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Airline Workers' Right to Strike

Date: May 6, 2005

The Association of Flight Attendants-CWA responded to the misleading letter distributed by United Airlines General Counsel Paul Lovejoy with regard to an airline worker's right to strike:

"Statements from United Airlines today questioning the legality of CHAOS strikes are nothing more than a cheap attempt by management to intimidate the flight attendants with misinformation," said Greg Davidowitch, President of the AFA Master Executive Council at United. "Rather than work with the employees in a constructive way, management clearly hopes to make good on the threat to tear up our contract, and then coerce the flight attendants into submission to avoid a strike. Flight attendants are accustomed to the heavy-handed tactics of these United executives. We won't be intimidated."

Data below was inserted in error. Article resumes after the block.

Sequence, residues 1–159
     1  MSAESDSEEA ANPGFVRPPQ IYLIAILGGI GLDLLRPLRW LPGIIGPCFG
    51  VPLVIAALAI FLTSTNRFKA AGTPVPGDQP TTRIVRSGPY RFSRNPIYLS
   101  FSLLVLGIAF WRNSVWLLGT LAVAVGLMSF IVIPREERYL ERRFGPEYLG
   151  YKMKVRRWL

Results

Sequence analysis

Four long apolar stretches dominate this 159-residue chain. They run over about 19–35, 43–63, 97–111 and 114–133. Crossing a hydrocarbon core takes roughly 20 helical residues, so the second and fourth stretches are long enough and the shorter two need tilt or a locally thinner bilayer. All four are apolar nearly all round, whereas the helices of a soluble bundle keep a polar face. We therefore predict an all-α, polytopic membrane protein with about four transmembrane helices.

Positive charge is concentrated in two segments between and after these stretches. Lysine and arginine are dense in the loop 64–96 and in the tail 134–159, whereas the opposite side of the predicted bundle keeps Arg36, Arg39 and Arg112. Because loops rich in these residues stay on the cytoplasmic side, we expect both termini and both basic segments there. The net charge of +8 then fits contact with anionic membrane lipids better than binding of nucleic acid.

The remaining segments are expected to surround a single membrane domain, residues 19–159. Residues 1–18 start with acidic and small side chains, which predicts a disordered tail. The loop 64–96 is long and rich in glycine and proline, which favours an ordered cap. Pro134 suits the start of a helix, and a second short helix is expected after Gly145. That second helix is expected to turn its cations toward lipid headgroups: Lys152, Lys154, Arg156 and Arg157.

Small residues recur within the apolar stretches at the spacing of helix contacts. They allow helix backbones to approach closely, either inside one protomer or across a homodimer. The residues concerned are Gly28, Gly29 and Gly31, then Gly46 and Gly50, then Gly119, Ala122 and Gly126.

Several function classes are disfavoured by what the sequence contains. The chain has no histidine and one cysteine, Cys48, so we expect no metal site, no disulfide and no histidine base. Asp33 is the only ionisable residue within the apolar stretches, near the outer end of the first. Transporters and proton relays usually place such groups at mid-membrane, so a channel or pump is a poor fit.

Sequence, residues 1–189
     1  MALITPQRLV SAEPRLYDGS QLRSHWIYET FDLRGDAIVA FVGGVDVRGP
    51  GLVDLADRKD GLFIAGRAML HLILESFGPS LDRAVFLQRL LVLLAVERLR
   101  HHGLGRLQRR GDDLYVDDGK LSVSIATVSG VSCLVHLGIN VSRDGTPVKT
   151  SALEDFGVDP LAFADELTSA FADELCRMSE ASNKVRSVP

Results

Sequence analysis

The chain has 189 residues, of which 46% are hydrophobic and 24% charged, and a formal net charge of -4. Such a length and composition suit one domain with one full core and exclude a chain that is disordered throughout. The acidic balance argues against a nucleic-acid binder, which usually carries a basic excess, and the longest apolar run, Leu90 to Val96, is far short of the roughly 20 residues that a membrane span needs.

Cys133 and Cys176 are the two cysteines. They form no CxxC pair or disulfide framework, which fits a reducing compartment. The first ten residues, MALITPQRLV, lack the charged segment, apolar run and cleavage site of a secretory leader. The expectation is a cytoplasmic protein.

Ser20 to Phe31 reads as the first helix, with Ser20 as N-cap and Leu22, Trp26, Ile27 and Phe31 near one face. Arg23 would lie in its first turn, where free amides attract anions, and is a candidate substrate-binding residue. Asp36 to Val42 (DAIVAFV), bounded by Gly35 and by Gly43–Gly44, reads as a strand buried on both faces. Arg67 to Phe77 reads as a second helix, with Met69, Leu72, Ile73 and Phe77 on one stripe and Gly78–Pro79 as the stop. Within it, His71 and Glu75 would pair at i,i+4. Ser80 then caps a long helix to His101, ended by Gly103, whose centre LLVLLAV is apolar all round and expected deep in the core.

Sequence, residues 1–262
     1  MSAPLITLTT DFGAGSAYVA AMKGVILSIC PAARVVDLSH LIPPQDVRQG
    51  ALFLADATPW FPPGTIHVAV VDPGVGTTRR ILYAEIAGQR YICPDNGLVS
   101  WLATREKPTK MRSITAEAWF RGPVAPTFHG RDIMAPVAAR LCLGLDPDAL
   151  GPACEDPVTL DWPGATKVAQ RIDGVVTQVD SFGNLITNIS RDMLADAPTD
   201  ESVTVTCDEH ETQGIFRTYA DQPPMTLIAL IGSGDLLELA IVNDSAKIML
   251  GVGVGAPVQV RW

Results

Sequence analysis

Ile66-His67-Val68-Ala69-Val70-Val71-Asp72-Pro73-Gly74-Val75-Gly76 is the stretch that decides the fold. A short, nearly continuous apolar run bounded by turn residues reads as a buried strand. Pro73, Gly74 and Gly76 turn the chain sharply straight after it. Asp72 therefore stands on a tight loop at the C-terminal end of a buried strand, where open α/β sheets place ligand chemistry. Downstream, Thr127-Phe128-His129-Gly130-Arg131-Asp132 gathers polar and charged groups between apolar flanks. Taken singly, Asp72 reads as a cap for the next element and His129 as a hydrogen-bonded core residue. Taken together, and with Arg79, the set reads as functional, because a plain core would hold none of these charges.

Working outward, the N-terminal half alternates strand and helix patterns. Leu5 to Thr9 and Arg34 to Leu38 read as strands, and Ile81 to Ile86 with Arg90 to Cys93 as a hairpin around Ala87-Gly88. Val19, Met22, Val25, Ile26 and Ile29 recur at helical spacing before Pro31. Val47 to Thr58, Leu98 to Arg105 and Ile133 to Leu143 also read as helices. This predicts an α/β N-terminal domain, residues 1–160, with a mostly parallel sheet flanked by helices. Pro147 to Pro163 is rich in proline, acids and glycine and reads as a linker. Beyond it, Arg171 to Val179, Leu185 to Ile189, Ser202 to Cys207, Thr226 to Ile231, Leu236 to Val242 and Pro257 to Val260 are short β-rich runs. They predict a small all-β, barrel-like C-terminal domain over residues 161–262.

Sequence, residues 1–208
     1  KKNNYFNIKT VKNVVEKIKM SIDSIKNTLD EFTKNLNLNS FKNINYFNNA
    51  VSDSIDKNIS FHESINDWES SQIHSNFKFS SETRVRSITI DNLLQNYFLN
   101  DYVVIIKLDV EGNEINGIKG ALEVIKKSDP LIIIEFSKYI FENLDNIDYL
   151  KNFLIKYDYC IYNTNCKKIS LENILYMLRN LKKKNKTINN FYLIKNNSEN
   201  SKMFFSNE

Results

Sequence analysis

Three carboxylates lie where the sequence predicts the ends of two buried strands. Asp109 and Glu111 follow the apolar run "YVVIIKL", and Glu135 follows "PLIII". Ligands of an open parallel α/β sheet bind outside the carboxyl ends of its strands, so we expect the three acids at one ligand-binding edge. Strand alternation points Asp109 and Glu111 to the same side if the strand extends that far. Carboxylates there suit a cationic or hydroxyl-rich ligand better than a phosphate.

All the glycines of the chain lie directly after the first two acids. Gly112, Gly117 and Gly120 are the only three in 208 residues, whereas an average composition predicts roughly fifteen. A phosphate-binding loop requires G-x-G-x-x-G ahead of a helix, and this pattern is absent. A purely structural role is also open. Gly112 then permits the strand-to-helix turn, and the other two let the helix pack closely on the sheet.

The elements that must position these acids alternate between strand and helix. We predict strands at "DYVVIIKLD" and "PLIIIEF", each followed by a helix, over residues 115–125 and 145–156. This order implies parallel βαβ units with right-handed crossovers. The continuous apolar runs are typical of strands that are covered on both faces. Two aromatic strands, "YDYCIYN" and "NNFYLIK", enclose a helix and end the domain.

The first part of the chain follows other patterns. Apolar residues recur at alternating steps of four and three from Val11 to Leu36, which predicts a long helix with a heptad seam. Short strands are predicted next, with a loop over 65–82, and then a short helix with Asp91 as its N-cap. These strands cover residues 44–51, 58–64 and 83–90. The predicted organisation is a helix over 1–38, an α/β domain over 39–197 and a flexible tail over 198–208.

"To be clear, we would prefer never to strike," Davidowitch said. "But if management insists on abrogating our contract and terminating our pension plan it will destroy our careers. We will strike to replace this management team before we allow that to happen."

"The Company, not AFA, will have violated the Railway Labor Act if management follows through on its threats to abrogate our contract in whole or in part," said AFA General Counsel David Borer. "Under the RLA, an employer that unilaterally modifies a collective bargaining agreement has created a "major dispute" over which employees may strike," Borer said.  "Nothing in the Bankruptcy Code relieves United of that separate obligation imposed by the RLA. In fact, the Supreme Court of the United States has stated that if the carrier is free to 'resort to self-help, the union cannot be expected to hold back its own economic weapons.'"

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